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Comments 1 - 15 of 17

misterderp's avatar


Great movie about anthropologists; I wonder if their thesis got published.
9 months 1 week ago
satisfythecrave's avatar


and people claim white people don’t have CULTURE...
11 months ago
genheron's avatar


Ari Aster calls this a breakup movie and I can see why. It’s not just the horror of the cult, there’s the whole horror of not being able to trust your partner or friends within the cult.

The movie is long but very suspenseful and original.
10 months 4 weeks ago
Siskoid's avatar


There's a lot to unpack in Ari Aster's Midsommar, but let me start with its central metaphor. Florence Pugh's character loses her family in the prologue, and in visiting a Swedish friend's commune, is embraced in a way her own "support group" cannot approach. The pagan festival, extreme though it is, offers catharsis, unconditional empathy, apparently magical understanding, and a shedding of a "false family" that is proving toxic to her. In the ashes of the past, she will be reborn. Flowers blooming is a major motif. It's a long film, but it was so absorbing, it didn't feel like it. The boys who begrudgingly drag Pugh on this trip are all anthropology students, so it's perhaps natural that so much of it unfolds as a kind of documentary on this specific cult's rituals and traditions. My friend Isabel wondered if the character types were meant to mirror tourist attitudes - one an "ugly American" who pisses on what's sacred, another seeing cultures as something to be studied rather than experienced, a third traveling so he can bed girls from different countries - and I like that. It leaves Pugh as the traveler who is changed by her experience, not a "tourist". The film is beautiful to look at too, and in the way it presented mysticism reminded me of Jodorowsky's The Holy Mountain - the colors, the angles, the symmetry. Disturbing more than it is scary, Midsommar is also plenty funny, and not just in a nervous laughter kind of way. The village's odd practices create a pleasant fish out of water scenario for both the characters and the audience, even after there's been some gory violence (there's not a lot of it, but a couple people did walk out when it started, so it's gruesome). This is the second Florence Pugh movie to come out this year, and I have to end by saying I'm quite taken with her. Would seek out more of her performances based on the last two.
10 months 3 weeks ago
Jazzy's avatar


I felt this was more of a psychological horror film, which I prefer, than the shock gore of Hereditary. It plays on feelings of abandonment and isolation among people you are supposed to feel the most safe with. The cinematography was great. Good movie.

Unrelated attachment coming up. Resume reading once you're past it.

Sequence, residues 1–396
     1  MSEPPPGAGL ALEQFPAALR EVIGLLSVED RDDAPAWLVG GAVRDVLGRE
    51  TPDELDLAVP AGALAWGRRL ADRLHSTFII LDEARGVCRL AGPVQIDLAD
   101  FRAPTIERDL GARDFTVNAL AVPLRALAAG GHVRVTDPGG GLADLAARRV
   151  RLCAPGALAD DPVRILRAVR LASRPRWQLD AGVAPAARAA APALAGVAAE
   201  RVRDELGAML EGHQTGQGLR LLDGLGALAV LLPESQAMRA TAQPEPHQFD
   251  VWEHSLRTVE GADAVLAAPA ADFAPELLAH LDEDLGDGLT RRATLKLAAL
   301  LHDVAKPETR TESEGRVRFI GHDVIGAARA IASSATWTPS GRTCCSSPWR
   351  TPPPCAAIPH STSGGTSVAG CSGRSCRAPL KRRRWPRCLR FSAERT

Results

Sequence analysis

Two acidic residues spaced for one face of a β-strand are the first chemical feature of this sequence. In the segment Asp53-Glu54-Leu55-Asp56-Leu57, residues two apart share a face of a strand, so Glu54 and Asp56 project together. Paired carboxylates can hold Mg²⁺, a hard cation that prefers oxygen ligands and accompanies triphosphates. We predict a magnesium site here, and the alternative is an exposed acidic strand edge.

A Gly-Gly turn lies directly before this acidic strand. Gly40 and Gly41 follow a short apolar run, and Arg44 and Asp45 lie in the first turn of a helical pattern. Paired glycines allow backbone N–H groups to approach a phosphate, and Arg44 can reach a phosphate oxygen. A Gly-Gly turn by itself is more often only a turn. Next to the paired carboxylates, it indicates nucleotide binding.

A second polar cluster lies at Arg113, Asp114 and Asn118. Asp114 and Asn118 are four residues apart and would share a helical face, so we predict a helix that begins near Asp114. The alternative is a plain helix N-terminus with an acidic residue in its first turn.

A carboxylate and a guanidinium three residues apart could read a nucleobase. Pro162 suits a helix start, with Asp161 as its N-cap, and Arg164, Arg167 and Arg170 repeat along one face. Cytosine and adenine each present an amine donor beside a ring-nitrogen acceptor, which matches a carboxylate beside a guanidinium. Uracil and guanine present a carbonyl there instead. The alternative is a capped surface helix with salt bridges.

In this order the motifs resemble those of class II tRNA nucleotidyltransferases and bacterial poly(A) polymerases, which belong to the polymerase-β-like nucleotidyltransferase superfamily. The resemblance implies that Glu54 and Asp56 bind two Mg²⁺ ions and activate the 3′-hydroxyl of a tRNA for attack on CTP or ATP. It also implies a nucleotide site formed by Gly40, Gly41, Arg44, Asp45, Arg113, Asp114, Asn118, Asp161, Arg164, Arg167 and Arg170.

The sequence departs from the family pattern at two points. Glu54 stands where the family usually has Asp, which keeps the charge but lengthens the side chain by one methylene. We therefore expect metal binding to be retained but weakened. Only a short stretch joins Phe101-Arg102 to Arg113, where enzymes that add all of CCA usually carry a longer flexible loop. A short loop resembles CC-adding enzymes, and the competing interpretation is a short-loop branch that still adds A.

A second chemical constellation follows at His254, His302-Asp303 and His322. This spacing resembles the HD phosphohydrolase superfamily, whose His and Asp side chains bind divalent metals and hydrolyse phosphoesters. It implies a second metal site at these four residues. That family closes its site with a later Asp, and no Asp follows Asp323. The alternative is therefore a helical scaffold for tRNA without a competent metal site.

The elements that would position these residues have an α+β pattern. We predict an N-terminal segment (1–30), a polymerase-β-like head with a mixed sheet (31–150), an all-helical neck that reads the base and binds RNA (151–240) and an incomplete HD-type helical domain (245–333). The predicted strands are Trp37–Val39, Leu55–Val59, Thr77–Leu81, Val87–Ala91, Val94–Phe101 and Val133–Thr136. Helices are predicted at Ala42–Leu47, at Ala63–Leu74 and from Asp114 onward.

8 months 1 week ago
tyrion68's avatar


I liked this one much better than Hereditary.
8 months ago
badge's avatar


I saw this on TV 30 years ago when it got to the point an hour faster and was called 'The Wicker Man'.
4 months 4 weeks ago
Carota's avatar


I really liked the first act
7 months 2 weeks ago
dmelbye's avatar


It would be unfortunate to live in a world with no diversity of tastes and opinions. On the other hand, I am disappointed to see the erosion of storytelling standards and audience expectations of those standards, to say nothing of originality and artistic vision. Certainly the original Wicker Man is the immediate urtext for this film, modified with a slightly different narrative paradigm, "the heroine's journey." In terms of high concept, one could also see this as "The Wicker Man meets The Rocky Horror Picture Show," that is, with a couple stumbling into a totally unfamiliar environment that eventually corrupts them both. And one could find many other comparisons using secret society premises to explore the frailties of monogamy, as in Eyes Wide Shut (or the 1969 Austrian Traumnovelle TV film) or even as far back as Eye of the Devil (1966). The "American couple stumbling into a European human-sacrificing cult" paradigm goes back even further to 1934's The Black Cat. And if you consider the cultural moment of that film, you may see this recent entry as yet another glaring case of American xenophobia played out, this time, as "Swedexploitation." But, ultimately, none of these things should matter at all in denouncing this film. The only thing that really brings it down are its artificial characters behaving artificially, regardless of any "killer cult" context. Perhaps, if all the central characters could have been seen to consume the cult's mind-altering concoctions even before they arrived to Sweden, then all their contrived and unnatural interactions would have become perfectly plausible.
1 month ago
marcemedi's avatar


The camera is very clever in this one, if you liked it then you should see "the wicker man". 8/10
2 months ago
Adrian B AWESOME's avatar


Dope flick. It doesn't have the impact Hereditary did, but it's not attempting to be quite as shocking. It is another treatise on family, though, but it ultimately says something different than Hereditary, which is interesting.
11 months ago
nowhereman136's avatar


From the poster, i thought there would be more crying Leonardo DiCaprio
2 months 1 week ago
Sk1337's avatar


Wow.. Ari Aster has done it again!
2 months 2 weeks ago
1_Ichi_1's avatar


Schweden is always worth a trip....
3 months 4 weeks ago
blimpsnstuff's avatar


Imagine if The Wicker Man were a turgid hour longer and had a crappier plot. Here's your movie.
8 months 1 week ago

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